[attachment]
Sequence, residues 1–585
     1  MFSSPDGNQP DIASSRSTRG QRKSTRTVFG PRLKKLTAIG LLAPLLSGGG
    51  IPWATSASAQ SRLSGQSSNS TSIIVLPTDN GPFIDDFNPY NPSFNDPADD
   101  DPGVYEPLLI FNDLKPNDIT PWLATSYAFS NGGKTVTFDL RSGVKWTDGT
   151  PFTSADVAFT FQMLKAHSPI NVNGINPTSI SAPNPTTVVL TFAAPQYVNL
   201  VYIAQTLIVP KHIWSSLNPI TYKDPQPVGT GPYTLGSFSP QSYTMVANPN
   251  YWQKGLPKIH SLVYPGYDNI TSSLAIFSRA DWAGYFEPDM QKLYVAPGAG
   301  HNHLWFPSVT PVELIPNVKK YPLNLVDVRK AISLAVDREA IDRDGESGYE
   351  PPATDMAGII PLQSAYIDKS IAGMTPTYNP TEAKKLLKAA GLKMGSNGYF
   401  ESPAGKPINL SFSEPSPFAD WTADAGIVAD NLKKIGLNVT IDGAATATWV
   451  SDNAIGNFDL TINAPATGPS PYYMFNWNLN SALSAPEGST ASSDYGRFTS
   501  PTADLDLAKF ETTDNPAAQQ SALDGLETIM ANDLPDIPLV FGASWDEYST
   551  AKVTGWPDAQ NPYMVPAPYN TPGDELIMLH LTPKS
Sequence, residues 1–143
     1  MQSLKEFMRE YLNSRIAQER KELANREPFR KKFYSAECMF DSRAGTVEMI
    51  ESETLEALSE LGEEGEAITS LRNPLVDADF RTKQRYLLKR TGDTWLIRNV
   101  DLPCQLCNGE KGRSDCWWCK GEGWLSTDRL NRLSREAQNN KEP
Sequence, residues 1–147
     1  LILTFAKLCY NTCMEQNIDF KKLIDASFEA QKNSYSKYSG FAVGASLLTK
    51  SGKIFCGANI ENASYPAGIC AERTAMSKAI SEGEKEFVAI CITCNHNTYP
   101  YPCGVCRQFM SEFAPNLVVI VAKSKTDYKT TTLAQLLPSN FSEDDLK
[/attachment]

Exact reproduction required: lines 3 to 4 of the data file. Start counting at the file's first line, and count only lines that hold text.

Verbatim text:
    51  IPWATSASAQ SRLSGQSSNS TSIIVLPTDN GPFIDDFNPY NPSFNDPADD
   101  DPGVYEPLLI FNDLKPNDIT PWLATSYAFS NGGKTVTFDL RSGVKWTDGT